Compromised incision of oxidized pyrimidines in liver mitochondria of mice deficient in NTH1 and OGG1 glycosylases.


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Karahalil B. , de Souza-Pinto N., Parsons J., Elder R., Bohr V.

The Journal of biological chemistry, vol.278, no.36, pp.33701-7, 2003 (Journal Indexed in SCI Expanded) identifier identifier identifier

  • Publication Type: Article / Article
  • Volume: 278 Issue: 36
  • Publication Date: 2003
  • Doi Number: 10.1074/jbc.m301617200
  • Title of Journal : The Journal of biological chemistry
  • Page Numbers: pp.33701-7

Abstract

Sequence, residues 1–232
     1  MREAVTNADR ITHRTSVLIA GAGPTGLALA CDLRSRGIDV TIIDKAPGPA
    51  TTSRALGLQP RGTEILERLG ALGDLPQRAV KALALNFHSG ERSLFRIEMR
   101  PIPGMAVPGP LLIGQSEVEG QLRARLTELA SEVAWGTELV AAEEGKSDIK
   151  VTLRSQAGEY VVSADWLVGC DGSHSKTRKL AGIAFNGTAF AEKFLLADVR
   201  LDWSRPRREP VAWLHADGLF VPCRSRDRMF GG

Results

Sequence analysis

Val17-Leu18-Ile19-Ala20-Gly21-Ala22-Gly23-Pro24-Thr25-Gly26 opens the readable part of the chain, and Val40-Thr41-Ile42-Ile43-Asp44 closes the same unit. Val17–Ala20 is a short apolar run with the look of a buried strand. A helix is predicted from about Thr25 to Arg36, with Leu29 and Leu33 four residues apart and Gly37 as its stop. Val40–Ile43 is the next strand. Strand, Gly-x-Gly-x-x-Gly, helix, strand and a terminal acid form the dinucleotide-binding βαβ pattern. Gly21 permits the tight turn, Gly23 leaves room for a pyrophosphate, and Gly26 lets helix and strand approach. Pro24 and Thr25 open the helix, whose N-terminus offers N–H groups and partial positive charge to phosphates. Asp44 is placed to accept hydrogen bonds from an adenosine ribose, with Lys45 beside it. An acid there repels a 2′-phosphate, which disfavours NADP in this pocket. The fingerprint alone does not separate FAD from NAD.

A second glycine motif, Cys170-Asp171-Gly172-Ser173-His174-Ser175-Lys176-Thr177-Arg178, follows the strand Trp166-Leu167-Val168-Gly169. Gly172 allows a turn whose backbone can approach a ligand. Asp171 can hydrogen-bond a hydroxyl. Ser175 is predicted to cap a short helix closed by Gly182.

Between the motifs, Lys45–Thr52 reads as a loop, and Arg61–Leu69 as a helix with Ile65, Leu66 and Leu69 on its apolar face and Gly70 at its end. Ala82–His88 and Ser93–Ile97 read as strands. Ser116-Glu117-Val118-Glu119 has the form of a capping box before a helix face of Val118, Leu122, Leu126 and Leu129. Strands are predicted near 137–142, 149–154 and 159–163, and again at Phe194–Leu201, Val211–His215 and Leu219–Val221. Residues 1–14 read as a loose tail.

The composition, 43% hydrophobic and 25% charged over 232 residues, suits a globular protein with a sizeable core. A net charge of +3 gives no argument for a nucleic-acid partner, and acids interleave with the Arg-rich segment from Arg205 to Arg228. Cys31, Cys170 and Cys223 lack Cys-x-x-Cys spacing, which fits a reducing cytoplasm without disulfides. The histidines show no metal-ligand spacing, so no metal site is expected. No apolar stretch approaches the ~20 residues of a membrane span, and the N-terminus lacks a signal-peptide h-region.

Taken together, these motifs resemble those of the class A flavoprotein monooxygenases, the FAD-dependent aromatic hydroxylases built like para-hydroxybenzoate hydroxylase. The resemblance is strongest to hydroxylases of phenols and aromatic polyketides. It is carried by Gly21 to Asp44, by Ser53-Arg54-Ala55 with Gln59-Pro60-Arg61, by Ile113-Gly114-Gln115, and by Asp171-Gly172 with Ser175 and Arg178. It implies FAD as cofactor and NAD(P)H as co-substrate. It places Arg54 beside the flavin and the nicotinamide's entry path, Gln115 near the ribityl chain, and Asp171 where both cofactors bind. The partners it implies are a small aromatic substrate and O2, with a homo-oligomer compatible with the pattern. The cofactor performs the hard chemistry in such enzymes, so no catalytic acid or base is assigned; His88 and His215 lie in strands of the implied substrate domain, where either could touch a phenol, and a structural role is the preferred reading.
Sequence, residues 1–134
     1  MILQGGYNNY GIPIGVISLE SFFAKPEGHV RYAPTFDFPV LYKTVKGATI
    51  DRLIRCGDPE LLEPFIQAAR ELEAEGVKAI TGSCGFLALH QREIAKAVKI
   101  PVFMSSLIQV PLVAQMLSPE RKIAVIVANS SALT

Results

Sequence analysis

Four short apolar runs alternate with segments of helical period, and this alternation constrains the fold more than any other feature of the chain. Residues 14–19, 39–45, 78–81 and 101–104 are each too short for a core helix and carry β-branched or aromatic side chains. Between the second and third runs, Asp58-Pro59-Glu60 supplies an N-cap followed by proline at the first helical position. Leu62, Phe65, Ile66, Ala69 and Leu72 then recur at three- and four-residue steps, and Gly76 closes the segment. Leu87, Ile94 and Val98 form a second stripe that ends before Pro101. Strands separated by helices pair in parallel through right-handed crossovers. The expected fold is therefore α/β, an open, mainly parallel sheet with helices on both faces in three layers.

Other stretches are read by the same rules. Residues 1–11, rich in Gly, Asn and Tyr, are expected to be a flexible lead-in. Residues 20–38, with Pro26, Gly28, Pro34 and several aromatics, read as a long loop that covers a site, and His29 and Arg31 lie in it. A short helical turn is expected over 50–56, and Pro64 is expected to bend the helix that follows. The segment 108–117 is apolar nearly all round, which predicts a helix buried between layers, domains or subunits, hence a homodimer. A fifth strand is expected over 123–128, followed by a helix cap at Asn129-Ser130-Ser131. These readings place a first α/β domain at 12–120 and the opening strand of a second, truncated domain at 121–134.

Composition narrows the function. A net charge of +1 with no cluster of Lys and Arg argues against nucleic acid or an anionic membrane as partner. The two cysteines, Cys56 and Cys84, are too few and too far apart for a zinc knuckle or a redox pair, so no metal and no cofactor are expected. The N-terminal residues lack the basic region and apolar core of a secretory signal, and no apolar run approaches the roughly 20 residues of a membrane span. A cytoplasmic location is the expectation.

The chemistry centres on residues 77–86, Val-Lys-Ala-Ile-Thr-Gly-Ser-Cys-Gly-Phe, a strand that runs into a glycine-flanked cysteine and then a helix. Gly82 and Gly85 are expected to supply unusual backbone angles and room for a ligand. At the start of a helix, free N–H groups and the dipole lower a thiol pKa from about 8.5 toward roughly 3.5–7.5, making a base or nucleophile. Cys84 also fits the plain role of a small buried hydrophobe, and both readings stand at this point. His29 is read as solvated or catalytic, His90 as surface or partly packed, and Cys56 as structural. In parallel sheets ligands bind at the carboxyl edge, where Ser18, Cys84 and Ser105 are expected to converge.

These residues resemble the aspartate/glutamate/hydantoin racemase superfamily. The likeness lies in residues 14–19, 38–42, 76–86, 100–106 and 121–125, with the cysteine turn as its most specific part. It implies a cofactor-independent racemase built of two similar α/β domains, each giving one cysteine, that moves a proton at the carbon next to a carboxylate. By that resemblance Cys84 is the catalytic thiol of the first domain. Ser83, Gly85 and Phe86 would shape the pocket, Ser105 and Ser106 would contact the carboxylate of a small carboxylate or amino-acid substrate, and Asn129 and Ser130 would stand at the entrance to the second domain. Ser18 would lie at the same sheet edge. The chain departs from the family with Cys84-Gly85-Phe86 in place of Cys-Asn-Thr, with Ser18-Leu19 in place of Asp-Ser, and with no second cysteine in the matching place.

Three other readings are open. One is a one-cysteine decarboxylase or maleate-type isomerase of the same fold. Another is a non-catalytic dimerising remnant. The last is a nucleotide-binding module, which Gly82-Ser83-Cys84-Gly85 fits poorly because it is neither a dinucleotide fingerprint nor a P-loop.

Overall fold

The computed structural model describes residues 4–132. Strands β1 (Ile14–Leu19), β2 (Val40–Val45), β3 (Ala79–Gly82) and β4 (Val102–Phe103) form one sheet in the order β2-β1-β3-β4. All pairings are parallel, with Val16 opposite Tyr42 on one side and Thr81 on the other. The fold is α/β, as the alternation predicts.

Mitochondrial DNA is constantly exposed to high levels of endogenously produced reactive oxygen species, resulting in elevated levels of oxidative damaged DNA bases. A large spectrum of DNA base alterations can be detected after oxidative stress, and many of these are highly mutagenic. Thus, an efficient repair of these is necessary for survival. Some of the DNA repair pathways involved have been characterized, but others are not yet determined. A DNA repair activity for thymine glycol and other oxidized pyrimidines has been described in mammalian mitochondria, but the nature of the glycosylases involved in this pathway remains unclear. The generation of mouse strains lacking murine thymine glycol-DNA glycosylase (mNTH1) and/or murine 8-oxoguanine-DNA glycosylase (mOGG1), the two major DNA N-glycosylase/apurinic/apyrimidinic (AP) lyases involved in the repair of oxidative base damage in the nucleus, has provided very useful biological model systems for the study of the function of these and other glycosylases in mitochondrial DNA repair. In this study, mouse liver mitochondrial extracts were generated from mNTH1-, mOGG1-, and [ mNTH1, mOGG1]-deficient mice to ascertain the role of each of these glycosylases in the repair of oxidized pyrimidine base damage. We also characterized for the first time the incision of various modified bases in mitochondrial extracts from a double-knockout [ mNTH1, mOGG1]-deficient mouse. We show that mNTH1 is responsible for the repair of thymine glycols in mitochondrial DNA, whereas other glycosylase/ AP lyases also participate in removing other oxidized pyrimidines, such as 5-hydroxycytosine and 5-hydroxyuracil. We did not detect a backup glycosylase or glycosylase/ AP lyase activity for thymine glycol in the mitochondrial mouse extracts.